That's when Tom put together a whale of a promotion. Working with the Vancouver Aquarium, Butts went up against his biggest bellyflop competitor ever in Skanna the Orca whale.

"Tom talked them into it and I was the first person to swim in the pool. In those days the trainers never even went in the pool,"says Butts. "I was kind of naive but when you're young, you do things that are kind of crazy."

A couple of thousand people were watching and with bands playing and the whales in the holding tanks, Butts did his first of three scheduled bellyflops. "I did my first dive and got out with no problem,"he remembers. The second jump Butts hits the water and Hyak the younger whale gets interested. "I look behind me and see this big dorsal fin knifing through the water right at me,"he says.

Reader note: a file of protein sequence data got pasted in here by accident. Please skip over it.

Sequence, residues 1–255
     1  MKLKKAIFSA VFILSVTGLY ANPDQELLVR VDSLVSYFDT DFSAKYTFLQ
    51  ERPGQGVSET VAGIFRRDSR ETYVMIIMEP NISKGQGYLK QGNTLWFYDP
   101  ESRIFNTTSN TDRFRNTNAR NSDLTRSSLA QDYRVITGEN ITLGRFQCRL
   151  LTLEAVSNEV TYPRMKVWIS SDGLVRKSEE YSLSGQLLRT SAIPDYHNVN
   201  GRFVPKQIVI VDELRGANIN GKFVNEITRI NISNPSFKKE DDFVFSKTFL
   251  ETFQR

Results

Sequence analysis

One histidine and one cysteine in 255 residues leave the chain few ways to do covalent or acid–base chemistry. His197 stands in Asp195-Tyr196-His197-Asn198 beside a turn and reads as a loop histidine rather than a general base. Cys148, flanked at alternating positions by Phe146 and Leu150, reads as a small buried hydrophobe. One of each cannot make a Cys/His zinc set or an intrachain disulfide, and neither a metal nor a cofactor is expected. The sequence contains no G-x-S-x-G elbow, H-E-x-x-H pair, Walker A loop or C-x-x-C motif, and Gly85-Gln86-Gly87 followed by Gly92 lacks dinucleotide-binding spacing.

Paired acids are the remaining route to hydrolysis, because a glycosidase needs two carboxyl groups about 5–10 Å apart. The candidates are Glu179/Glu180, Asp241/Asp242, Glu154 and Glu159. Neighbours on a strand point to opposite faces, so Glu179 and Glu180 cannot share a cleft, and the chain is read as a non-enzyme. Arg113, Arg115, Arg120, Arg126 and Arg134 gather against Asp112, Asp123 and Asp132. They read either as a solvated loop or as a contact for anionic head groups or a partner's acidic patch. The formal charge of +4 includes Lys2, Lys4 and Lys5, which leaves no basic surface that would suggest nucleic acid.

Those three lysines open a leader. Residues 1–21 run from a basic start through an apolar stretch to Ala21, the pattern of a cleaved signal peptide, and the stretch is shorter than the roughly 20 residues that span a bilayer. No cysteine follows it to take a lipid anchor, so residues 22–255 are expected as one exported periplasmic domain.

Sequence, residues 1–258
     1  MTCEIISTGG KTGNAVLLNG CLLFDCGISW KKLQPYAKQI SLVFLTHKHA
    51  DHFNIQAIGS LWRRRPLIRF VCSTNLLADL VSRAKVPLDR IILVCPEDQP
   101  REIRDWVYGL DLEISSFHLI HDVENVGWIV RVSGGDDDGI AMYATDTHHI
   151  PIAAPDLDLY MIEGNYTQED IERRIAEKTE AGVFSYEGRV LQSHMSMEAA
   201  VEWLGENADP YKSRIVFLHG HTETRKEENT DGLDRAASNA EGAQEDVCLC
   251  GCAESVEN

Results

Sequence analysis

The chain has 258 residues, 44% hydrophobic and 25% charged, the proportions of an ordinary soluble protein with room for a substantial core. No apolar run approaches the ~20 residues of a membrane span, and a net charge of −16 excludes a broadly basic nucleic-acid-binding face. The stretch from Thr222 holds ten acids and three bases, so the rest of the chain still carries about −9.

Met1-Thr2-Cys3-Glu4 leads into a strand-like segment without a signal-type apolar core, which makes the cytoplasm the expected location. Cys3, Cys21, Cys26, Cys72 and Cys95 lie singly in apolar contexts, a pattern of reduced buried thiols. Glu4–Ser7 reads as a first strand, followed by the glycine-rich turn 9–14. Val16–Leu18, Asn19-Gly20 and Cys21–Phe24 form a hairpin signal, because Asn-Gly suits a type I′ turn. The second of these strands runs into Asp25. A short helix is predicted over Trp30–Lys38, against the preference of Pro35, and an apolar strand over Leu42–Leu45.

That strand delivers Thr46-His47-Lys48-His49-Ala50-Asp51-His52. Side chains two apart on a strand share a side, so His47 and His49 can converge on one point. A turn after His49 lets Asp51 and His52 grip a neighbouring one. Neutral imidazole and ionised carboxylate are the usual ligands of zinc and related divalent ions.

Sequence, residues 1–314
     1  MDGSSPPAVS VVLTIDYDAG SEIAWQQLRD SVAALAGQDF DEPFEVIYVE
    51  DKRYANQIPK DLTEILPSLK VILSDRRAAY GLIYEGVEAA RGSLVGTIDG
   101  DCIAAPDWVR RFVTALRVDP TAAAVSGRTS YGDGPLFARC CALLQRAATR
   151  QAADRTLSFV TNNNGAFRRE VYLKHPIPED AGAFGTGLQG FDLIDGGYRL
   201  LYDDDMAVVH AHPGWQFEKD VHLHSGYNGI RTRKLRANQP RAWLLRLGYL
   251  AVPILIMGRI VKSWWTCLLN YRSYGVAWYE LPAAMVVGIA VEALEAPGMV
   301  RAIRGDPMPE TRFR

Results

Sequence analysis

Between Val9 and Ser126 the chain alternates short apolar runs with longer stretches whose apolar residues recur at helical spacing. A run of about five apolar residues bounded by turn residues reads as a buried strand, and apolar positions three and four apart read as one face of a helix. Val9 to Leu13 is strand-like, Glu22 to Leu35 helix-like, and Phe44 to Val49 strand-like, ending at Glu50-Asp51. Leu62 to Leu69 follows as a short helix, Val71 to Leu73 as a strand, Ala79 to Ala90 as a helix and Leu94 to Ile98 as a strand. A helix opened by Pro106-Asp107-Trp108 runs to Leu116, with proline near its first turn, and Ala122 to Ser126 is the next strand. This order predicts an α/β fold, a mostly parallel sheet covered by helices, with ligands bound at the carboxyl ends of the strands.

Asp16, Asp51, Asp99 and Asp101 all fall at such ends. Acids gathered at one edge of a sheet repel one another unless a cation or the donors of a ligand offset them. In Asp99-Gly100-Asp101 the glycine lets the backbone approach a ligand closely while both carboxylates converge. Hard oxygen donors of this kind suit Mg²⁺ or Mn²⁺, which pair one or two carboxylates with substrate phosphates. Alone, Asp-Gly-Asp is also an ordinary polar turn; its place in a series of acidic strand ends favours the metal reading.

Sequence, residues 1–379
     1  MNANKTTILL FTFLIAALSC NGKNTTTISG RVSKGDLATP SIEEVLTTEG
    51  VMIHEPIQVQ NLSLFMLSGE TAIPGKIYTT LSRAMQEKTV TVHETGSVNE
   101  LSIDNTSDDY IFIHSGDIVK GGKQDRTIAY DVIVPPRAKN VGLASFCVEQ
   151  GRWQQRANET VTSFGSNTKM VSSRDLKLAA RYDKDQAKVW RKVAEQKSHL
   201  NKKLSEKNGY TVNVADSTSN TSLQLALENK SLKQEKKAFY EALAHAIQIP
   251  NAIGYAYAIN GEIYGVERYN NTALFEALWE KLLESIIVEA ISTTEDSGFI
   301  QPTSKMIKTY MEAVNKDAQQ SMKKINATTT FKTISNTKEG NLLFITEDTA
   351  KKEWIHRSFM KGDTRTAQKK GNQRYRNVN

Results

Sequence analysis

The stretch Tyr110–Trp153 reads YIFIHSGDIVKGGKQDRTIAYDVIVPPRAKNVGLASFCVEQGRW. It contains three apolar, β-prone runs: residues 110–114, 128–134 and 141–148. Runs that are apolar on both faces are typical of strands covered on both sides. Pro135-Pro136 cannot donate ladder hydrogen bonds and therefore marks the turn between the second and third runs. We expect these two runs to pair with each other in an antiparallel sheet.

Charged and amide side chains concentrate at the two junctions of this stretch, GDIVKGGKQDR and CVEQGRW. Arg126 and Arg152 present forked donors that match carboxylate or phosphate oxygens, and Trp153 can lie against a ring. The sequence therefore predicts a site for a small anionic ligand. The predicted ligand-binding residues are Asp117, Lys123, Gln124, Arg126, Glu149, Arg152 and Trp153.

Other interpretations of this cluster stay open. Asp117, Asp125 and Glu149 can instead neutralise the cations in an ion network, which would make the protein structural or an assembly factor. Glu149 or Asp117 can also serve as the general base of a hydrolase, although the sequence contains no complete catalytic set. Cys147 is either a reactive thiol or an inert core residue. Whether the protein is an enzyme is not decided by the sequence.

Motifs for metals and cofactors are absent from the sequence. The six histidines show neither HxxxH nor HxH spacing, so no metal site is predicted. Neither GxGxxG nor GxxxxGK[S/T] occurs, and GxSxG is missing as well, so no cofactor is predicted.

"I don't think anyone ever saw me move so quickly in all my life." Laughing it off, Butts heads up the platform to do his third dive but it wasn't to be. What the television cameras did not show was Skanna right below the platform with his mouth wide open "The place just broke up in laughter. It was hilarious but I didn't go in the water,"says Butts.

"I thought let him do his bellyflop now." But Skanna was not up to the challenge, putting on a series of dolphin breaches but not a bellyflop. "I think he figured he was above the bellyflop nonsense and wouldn't lower himself to the human level,"laughs Butts.

But the promotion worked wonders for the sixth annual World Cannonball and Bellyflop Diving Championships. With all the television exposure, Tom had worked his magic again. The sixth show featured a number of pyrotechnic dives and one near disastrous incident. "That's the one where I did the burns, the fancy dives and the final dive off a 30 foot platform,"says Butts. "That's also the one where I blew up the hotel room."